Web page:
Last night, Independent Lens’ “Real Boy” aired for the first time on PBS. It was great! If you missed it, it will be on again in most PBS markets soon. It’s the true story of a transgender youth and they did the unthinkable in film lately, they cast an actual transgender teen to tell his own story. They did not cast a cis actor. There was no edict to make sure he looked “trans enough”. We were given the reality and the reality is beautiful even when it is hard to watch.
The documentary follows Ben (and his mother). Ben is a young transgender teen who is facing many hurdles. Addiction, cutting, family acceptance, acceptance of self, saving up money for his own hormones and surgery, and so much more. Like any teenager he has his own passions and interests. In his case it is music. There is the unique worry that the testosterone will affect his ability to sing as his voice rapidly changes.
I am facing a bit of a dilemma here. I’ve never written a movie review before and I’ve a new respect how Roger Ebert did it. He could tell you about a movie without giving things away that could spoil the experience. It is my hope that each of you sees the movie and discovers Ben, his family, and his beautiful friends.
As a parent of a trans teen, there were many things I saw that I related to. The support and the closeness of the trans teen community that happens online is endearing and lovely to watch. It is the online experience with other trans youth where teens realize they are not alone and they develop beautiful and strong friendships with the other children. These friendships often gets them through the harder roads they face. I also really appreciated the family dynamic. There is often parental resistance that goes through it’s own evolution towards acceptance and this documentary unflinchingly faces the parental experience and the affect it has on the child.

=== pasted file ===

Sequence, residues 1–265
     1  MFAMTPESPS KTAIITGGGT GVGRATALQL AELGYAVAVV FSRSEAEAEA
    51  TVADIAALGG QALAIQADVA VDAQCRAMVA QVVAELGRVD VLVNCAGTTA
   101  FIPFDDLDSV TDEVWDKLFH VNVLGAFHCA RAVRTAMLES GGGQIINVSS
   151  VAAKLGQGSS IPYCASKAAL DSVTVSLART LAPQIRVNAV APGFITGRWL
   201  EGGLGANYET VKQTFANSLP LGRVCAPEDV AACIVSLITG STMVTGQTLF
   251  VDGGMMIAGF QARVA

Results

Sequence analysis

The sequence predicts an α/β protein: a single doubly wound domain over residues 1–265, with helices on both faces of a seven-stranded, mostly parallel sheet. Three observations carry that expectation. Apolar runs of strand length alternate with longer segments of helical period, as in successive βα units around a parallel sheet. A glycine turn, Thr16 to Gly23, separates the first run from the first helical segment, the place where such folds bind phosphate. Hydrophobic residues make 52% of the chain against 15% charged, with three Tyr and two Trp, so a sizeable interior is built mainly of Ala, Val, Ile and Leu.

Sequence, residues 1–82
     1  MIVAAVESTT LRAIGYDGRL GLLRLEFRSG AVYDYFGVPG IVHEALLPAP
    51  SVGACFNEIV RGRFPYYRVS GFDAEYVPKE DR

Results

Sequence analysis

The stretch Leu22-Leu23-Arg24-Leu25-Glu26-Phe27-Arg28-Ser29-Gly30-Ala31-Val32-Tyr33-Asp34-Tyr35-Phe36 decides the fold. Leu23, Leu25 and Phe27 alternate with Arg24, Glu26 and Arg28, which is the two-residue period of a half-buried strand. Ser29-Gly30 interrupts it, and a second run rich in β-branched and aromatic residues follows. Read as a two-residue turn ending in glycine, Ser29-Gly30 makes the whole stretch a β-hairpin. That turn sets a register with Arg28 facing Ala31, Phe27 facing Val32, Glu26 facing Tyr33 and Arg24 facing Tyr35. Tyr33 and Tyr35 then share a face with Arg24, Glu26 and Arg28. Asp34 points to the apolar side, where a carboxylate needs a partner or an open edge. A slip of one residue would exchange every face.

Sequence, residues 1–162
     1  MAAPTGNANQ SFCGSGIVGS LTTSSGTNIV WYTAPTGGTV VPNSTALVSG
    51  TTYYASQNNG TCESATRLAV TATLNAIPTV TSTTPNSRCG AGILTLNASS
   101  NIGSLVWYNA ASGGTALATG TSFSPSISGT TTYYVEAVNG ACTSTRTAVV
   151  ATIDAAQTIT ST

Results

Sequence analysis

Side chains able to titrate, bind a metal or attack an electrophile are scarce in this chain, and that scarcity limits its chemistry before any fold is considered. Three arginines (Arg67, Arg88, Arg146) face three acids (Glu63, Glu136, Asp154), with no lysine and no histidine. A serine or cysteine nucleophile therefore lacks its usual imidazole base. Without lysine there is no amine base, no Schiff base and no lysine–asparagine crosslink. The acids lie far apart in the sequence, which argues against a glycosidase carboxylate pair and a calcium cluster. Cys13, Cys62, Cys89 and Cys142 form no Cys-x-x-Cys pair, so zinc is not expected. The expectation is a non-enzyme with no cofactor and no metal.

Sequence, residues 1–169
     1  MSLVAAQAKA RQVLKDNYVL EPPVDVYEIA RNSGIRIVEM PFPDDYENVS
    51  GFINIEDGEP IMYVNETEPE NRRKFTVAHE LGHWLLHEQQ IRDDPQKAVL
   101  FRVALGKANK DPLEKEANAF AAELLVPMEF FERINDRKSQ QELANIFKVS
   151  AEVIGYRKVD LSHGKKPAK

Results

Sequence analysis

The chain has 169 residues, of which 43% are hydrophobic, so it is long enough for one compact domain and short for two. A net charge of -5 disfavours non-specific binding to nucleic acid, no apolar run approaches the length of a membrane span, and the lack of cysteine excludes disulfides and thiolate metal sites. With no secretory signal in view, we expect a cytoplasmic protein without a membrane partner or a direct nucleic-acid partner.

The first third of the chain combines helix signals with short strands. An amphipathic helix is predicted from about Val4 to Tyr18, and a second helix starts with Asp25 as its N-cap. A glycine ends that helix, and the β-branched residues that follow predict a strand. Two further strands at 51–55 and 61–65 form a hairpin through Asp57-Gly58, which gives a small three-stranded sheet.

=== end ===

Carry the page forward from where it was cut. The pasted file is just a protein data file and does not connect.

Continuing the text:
The filmmakers lead you through a story without telling you what to think or how to feel. This allows you to have your thoughts and your feelings on your terms. You will have them and they will be powerful. In the process of this movie I fell in love with Ben, his musical mentor, and his friends. I felt anger towards his family and that transitioned to empathy and compassion and sometimes swung back to anger.
In recent blogs I have complained how the entertainment industry has been hiring cis people to tell the transgender story. I even touched on it when I spoke about allies who are not really allies. I realize a documentary like this one or “I Am Jazz” are not works of fiction. But there are some things in “Real Boy” that make a case for the importance of what I am speaking of. “Real Boy” tells a story, the only difference is the story is documented and edited with care as opposed to written. It has quality direction, cinematography, editing, and soundtrack to help tell the story. Most importantly, every transgender person shown in the film is transgender and they tell their story with authenticity, quality, beauty, and you are drawn to them.
I hope that Hollywood watches “Real Boy” and realizes that good stories about transgender people can be told by hiring transgender people. This movie helps viewers understand and connect with a transgender teen. If we are ever going to have more acceptance in this world, we need that connection to happen. Viewers need to see transgender people as something other than a man in a dress or a woman in a suit. That is what Hollywood gives us right now. I am grateful that Independent Lens and PBS gave us something better.
“Real Boy” is an important film. It’s also real good. I hope you see it. If you do, I know you will be moved.
For the next two weeks you can see “Real Boy” online at www.pbs.org